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A Numerical Simulation of Dryline Sensitivity to Soil Moisture

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  • 1 Cooperative Institute for Research in the Atmosphere, Fort Collins, Colorado
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Abstract

Previous studies have explained dryline movement to be a result of vertical turbulent mixing. Such mixing was shown to efficiently erode the western edge of the shallow moist layer above sloping terrain.

Two- and three-dimensional simulations have been used to demonstrate the impact of surface physiography on dryline evolution. Those simulations included changes in vegetation type, vegetation coverage, and soil moisture. In particular, dryline morphology has been shown to be dependent on the horizontal distribution of soil moisture. Modeling studies have also suggested that increases in the low-level horizontal water vapor gradient, associated with a dryline, are a result of frontogenetic forcing. The current study will extend past results by including more sensitivity experiments showing the dependence of dryline morphology on soil moisture.

In this paper, the Regional Atmospheric Modeling System was used to simulate the 26 April 1991 central plains dryline. Five simulations were conducted in which only soil moisture was varied. Results suggest that the movement of the dryline and the magnitude of the low-level water vapor gradient are sensitive to changes in soil moisture. Results from the constant soil moisture case show little movement of the 9.0 g kg−1 water vapor mixing ratio isohume during the day. In that simulation the low-level horizontal gradient of water vapor displayed little change with time.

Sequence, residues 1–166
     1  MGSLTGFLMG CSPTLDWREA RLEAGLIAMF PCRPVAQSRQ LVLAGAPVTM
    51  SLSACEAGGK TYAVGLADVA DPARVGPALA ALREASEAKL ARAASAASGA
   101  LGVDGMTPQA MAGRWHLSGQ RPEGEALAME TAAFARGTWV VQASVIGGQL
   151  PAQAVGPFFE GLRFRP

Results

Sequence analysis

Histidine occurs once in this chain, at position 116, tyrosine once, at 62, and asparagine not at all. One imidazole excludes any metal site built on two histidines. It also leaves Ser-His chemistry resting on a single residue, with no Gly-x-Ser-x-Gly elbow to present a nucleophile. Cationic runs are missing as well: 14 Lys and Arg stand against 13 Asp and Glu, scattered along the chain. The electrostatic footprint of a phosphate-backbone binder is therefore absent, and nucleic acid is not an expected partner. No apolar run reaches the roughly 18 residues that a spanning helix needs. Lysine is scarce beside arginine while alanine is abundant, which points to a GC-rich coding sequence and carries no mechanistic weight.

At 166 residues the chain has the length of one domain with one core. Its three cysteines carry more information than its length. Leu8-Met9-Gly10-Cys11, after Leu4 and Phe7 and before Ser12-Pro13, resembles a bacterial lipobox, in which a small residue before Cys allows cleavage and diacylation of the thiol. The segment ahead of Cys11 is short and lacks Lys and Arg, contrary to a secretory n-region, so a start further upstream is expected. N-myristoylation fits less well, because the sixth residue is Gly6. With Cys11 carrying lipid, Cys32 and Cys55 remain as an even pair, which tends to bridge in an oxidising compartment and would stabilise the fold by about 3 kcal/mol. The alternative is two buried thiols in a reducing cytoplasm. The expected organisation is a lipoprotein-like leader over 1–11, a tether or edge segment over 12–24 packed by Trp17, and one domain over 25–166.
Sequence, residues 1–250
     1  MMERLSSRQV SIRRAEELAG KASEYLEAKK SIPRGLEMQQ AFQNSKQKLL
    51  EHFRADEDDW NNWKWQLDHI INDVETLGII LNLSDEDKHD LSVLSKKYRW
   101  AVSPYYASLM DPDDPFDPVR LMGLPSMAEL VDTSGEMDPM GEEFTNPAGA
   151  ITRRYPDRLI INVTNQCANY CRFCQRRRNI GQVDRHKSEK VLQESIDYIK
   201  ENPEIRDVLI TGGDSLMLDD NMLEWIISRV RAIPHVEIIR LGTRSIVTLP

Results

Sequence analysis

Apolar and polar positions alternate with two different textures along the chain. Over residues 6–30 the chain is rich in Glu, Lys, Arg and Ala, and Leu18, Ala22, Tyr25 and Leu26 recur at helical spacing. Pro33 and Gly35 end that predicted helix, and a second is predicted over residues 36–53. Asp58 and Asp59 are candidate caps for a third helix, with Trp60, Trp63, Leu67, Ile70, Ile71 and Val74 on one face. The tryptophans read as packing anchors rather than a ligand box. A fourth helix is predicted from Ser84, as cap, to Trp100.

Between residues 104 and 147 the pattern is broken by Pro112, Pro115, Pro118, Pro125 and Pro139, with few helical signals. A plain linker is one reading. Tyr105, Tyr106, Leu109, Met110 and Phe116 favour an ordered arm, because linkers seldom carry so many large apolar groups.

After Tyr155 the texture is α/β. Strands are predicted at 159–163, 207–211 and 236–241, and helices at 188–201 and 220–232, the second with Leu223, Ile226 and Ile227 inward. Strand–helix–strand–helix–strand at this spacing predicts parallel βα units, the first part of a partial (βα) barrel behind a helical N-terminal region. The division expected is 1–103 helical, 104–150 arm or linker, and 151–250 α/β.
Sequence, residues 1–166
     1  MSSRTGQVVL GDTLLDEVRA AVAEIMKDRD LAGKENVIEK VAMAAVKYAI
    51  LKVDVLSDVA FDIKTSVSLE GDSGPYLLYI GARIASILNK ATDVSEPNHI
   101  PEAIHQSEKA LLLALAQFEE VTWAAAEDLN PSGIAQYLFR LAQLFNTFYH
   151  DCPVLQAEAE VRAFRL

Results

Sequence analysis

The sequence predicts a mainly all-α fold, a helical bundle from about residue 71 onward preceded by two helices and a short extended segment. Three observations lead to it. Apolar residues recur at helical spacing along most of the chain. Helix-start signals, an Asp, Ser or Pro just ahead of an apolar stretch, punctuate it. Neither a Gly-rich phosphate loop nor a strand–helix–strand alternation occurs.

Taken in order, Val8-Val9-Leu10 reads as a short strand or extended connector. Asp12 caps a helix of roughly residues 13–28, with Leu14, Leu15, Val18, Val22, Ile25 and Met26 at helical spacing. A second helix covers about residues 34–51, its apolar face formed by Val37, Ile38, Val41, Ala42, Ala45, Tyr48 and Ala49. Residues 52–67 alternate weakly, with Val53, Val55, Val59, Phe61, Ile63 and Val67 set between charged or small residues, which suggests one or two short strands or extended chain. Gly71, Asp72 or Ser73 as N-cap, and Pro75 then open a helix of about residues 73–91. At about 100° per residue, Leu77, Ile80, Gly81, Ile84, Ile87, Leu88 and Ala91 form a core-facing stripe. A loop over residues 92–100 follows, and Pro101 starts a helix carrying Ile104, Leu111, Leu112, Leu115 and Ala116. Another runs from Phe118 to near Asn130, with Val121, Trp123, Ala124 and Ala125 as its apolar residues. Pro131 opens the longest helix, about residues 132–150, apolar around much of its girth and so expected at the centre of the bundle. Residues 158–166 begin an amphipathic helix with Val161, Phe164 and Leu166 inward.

Simulated dryline evolution can be viewed as a two-step process. The first is the apparent eastward movement of drier air due to turbulent erosion of the shallow moist layer. The second step is the relatively rapid increase of the low-level horizontal gradient of water vapor. The increase of the gradient was found to be in response to vertically oriented thermally driven solenoids and frontogenetic forcing.

Corresponding author address: Dr. Lewis D. Grasso, NOAA/NESDIS/RAMMT CIRA, Colorado State University, West Laporte Avenue, Fort Collins, CO 80523.

Email: grasso@cira.colostate.edu

Abstract

Previous studies have explained dryline movement to be a result of vertical turbulent mixing. Such mixing was shown to efficiently erode the western edge of the shallow moist layer above sloping terrain.

Two- and three-dimensional simulations have been used to demonstrate the impact of surface physiography on dryline evolution. Those simulations included changes in vegetation type, vegetation coverage, and soil moisture. In particular, dryline morphology has been shown to be dependent on the horizontal distribution of soil moisture. Modeling studies have also suggested that increases in the low-level horizontal water vapor gradient, associated with a dryline, are a result of frontogenetic forcing. The current study will extend past results by including more sensitivity experiments showing the dependence of dryline morphology on soil moisture.

In this paper, the Regional Atmospheric Modeling System was used to simulate the 26 April 1991 central plains dryline. Five simulations were conducted in which only soil moisture was varied. Results suggest that the movement of the dryline and the magnitude of the low-level water vapor gradient are sensitive to changes in soil moisture. Results from the constant soil moisture case show little movement of the 9.0 g kg−1 water vapor mixing ratio isohume during the day. In that simulation the low-level horizontal gradient of water vapor displayed little change with time.

Simulated dryline evolution can be viewed as a two-step process. The first is the apparent eastward movement of drier air due to turbulent erosion of the shallow moist layer. The second step is the relatively rapid increase of the low-level horizontal gradient of water vapor. The increase of the gradient was found to be in response to vertically oriented thermally driven solenoids and frontogenetic forcing.

Corresponding author address: Dr. Lewis D. Grasso, NOAA/NESDIS/RAMMT CIRA, Colorado State University, West Laporte Avenue, Fort Collins, CO 80523.

Email: grasso@cira.colostate.edu

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